For those of you who’ve been paying attention to our story about how Cameron Slater obtained SIS documents and whether or not the Prime Minister was personally involved (and judging by the way my twitter feed went nuts, there’s a few of you) I’ll try to explain exactly how all of this has unfolded in the way that it has.
Back in July 2011 ZB, like other media outlets, were covering the political argument between John Key and then Labour Leader Phil Goff over whether or not Mr Goff had been briefed by SIS Director Warren Tucker on the activities of Israeli nationals in Christchurch.
The Prime Minister said his opponent had. Mr Goff was, and still is, adamant he hadn’t been.
This sparked a series of Official Information Act requests to the SIS to find out what, in fact, had gone on. History shows Cameron Slater got his response well ahead of those of us in the press gallery. In fact some of us (me included) got no response at all. The explanation I subsequently received from the SIS was that because my emailed request did not include “OIA” or “official information” within it. A subsequent ruling by the Inspector General of Intelligence and Security found the SIS was wrong to treat it in this manner.
In light of the non-response I lodged a formal complaint with the Office of the Ombudsmen in order to resolve what I felt to have been shoddy practice by the SIS. It was thanks to their intervention that four months later I did receive a letter from then SIS boss Warren Tucker outlining part of discussions that were held regarding the Slater OIA.
— Felix Marwick (@felixmarwick) August 20, 2014
Now as you can see from the letter it confirms a verbal briefing did take place and that Dr Tucker notified the Prime Minister of his intended actions under the “no surprises rule”. On the face of it this did appear to show a direct briefing of the Prime Minister had taken place.
There were also further documents that appeared to support this supposition. The correspondence I exchanged with the Office of the Ombudsmen in my efforts to uncover what had happened.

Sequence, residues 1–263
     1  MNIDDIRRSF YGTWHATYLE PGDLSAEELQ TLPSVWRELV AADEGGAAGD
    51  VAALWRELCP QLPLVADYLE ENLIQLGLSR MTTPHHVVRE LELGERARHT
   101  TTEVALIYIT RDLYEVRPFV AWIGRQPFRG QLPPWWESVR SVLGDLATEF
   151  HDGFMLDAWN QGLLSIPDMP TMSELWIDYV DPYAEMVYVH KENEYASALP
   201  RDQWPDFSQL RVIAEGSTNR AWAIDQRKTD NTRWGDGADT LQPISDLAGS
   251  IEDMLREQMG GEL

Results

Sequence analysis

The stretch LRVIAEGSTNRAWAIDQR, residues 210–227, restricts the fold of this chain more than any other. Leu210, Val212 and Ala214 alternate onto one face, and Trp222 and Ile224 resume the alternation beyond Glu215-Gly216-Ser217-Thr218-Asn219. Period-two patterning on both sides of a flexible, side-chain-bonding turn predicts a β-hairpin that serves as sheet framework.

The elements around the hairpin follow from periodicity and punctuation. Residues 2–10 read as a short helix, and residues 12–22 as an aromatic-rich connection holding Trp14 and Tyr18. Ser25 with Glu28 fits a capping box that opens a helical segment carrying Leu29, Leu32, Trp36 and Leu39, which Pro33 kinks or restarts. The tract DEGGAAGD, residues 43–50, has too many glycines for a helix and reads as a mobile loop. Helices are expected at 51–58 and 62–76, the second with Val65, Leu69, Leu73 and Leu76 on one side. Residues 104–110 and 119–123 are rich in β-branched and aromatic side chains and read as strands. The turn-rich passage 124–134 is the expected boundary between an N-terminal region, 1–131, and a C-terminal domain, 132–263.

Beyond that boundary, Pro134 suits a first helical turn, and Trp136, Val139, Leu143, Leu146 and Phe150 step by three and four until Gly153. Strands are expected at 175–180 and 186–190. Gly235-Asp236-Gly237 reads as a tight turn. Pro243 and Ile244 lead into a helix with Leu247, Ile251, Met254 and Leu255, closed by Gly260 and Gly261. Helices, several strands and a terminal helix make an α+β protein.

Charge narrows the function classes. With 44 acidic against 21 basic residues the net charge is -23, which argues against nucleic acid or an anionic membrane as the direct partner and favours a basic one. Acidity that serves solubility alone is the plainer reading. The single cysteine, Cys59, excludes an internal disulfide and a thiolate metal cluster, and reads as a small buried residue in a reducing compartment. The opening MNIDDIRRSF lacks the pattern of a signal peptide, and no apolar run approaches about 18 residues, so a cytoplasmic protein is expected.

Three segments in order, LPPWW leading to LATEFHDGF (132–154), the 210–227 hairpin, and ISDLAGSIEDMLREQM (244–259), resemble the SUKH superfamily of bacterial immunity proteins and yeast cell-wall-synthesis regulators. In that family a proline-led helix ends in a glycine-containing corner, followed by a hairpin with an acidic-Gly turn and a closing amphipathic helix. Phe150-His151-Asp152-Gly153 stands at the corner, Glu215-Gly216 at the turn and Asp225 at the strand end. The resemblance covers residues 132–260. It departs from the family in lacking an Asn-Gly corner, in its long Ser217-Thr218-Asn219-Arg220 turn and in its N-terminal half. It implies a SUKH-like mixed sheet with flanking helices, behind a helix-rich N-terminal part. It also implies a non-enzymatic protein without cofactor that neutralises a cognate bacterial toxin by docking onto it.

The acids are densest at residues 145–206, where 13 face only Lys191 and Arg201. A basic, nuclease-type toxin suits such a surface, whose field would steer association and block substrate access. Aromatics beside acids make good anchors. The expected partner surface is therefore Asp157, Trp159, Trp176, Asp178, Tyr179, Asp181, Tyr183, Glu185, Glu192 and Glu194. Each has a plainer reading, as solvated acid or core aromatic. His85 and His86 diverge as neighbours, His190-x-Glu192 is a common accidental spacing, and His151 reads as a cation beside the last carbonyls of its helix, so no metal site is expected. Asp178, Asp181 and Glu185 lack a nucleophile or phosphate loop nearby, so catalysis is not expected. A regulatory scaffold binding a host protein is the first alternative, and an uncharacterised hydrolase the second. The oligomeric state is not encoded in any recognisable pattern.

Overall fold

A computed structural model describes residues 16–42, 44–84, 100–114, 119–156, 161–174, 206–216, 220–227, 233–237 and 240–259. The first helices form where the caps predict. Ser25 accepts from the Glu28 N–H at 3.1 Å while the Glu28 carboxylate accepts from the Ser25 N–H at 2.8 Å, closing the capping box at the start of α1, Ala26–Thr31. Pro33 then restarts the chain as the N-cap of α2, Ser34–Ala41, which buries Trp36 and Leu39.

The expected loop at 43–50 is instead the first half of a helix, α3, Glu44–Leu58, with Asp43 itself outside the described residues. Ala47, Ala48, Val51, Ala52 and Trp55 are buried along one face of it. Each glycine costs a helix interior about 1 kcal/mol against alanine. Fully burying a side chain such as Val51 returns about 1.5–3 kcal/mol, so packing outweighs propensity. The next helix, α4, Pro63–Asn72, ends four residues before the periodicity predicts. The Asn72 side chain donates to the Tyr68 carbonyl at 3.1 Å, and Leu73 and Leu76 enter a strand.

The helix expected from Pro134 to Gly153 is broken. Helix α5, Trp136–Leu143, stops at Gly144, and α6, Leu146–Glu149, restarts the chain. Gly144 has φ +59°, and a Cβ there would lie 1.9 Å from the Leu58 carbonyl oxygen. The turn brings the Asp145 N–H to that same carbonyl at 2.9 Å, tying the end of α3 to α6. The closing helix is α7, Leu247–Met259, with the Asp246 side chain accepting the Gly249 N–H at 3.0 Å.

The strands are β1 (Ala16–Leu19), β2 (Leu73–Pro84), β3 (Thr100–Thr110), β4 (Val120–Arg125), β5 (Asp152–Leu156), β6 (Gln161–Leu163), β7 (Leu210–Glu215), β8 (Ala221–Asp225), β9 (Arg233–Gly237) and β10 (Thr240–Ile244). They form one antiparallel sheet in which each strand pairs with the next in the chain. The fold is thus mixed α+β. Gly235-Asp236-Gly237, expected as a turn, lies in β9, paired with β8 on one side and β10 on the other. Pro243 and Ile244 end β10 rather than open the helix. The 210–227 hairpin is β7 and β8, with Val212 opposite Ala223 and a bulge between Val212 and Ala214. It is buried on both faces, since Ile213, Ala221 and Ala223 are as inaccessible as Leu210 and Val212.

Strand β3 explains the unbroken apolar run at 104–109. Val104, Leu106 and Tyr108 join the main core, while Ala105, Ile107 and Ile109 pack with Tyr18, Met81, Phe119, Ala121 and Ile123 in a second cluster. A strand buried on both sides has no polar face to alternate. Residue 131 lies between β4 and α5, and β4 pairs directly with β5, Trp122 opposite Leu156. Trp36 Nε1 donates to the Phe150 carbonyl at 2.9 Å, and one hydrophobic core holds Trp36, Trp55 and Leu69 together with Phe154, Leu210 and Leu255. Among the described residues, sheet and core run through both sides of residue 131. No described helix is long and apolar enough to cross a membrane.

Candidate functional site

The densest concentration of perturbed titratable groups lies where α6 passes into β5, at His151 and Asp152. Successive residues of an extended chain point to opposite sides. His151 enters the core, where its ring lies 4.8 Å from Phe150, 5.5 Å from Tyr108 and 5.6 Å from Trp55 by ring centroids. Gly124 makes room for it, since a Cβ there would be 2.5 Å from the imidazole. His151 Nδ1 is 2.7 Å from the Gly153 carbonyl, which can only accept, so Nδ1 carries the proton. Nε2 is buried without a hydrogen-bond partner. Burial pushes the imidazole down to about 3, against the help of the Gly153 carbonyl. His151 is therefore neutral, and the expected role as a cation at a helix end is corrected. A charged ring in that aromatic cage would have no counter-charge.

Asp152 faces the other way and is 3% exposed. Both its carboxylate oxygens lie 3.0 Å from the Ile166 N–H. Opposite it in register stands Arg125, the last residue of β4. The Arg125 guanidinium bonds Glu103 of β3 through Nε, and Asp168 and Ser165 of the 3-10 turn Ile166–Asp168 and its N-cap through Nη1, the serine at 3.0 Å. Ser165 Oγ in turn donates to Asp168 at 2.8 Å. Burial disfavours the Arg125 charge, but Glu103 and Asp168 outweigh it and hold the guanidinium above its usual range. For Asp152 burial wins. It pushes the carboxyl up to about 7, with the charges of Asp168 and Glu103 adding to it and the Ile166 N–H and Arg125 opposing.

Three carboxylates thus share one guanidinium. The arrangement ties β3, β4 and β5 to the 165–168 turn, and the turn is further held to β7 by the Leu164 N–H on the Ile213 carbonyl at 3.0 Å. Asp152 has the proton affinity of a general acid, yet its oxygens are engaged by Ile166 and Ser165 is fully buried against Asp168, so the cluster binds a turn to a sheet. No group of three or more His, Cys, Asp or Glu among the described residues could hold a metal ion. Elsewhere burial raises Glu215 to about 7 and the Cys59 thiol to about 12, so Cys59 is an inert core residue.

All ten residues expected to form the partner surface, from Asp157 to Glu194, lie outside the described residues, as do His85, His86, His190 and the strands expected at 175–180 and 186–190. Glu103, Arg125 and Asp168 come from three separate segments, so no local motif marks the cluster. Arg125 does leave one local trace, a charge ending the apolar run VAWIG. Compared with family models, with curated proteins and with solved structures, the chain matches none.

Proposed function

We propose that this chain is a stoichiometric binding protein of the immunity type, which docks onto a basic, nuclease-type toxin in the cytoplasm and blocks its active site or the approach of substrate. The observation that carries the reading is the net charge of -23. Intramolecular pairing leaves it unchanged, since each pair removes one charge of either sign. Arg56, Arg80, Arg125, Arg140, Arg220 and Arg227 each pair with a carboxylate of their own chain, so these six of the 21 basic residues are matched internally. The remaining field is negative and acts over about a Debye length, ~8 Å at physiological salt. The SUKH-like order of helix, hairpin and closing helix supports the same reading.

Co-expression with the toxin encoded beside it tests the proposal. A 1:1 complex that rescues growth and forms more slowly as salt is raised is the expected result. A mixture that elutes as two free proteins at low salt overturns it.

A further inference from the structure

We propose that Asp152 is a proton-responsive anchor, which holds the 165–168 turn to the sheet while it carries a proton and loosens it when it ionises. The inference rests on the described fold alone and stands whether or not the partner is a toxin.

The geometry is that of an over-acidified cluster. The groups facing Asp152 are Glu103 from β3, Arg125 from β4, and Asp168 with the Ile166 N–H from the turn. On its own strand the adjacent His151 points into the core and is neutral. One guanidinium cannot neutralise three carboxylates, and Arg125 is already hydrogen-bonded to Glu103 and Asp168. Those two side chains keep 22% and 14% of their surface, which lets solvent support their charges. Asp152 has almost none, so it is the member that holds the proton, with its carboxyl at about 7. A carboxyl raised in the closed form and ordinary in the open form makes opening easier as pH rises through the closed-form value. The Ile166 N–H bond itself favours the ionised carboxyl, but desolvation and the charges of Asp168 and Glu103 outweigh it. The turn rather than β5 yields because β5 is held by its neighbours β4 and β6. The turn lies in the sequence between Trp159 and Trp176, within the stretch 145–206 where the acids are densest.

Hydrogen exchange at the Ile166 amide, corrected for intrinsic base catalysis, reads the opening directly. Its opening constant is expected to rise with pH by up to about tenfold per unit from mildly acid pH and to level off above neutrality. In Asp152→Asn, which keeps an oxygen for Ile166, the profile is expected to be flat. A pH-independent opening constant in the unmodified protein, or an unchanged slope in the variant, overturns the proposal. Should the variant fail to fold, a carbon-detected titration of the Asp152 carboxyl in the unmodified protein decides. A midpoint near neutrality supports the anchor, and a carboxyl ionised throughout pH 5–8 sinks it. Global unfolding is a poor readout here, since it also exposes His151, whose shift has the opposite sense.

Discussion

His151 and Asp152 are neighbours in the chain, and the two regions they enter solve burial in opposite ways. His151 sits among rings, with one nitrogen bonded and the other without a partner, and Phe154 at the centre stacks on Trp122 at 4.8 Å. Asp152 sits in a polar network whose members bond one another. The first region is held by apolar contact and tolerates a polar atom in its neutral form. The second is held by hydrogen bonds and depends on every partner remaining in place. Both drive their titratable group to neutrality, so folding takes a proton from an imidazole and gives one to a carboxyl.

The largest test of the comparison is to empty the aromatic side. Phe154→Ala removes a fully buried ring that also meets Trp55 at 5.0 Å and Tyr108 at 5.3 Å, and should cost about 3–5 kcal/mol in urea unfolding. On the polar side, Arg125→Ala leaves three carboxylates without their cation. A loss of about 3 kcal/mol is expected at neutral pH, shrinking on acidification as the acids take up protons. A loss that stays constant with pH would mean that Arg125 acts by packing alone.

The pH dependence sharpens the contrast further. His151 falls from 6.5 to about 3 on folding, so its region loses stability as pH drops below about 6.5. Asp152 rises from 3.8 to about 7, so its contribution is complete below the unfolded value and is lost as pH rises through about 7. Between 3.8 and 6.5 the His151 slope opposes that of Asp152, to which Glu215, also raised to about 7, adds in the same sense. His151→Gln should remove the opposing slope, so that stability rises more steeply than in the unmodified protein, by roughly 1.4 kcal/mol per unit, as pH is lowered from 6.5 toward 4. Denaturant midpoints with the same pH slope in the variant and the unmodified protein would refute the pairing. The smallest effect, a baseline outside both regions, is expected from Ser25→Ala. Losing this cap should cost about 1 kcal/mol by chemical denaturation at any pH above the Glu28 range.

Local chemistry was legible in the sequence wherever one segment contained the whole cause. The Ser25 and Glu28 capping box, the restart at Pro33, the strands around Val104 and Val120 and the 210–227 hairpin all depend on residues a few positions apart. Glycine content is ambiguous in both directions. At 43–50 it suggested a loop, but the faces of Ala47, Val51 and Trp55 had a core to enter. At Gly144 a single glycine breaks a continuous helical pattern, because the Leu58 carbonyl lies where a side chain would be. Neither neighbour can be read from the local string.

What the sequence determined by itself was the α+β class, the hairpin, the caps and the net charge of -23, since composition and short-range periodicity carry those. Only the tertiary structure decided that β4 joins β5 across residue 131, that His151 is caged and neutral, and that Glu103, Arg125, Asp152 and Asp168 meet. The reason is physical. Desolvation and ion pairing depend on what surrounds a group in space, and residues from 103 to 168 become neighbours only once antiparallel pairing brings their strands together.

— Newstalk ZB (@NewstalkZB) August 20, 2014
You can see from these papers the term “discussion” is used repeatedly in the context of an interaction Dr Tucker had with the Prime Minister.
The response from the Prime Minister and Dr Tucker has been that when the SIS informs the prime Minister’s Office of significant OIAs on a no surprises basis, this is considered to be informing the Prime Minister. It is an assertion the Chief Ombudsman, Dame Beverly Wakem, has corroborated when I spoke to her to determine what she understood the discussion to have been in terms of the investigations she had undertaken on Newstalk ZB’s behalf.
The Prime Minister’s also made it clear that he was out of the country at the time the briefing happened and that there are a number of staff in his office that have clearance to take such briefings. But Mr Key is not identifying who these people are.
However it should be also noted we’ve spoken to former spy boss, Sir Bruce Ferguson, about how he handled no surprises briefings when he was in charge of an intelligence agency. His position is he was always expected to talk to a Minister, not to their staff. He’s told Newstalk ZB chief executives in security always talk to the minister personally.
All I can do is lay out the facts we have, the documents we’ve obtained, and the responses from those involved. I leave it to you to make your own judgements on whose version of events is right and whose is wrong.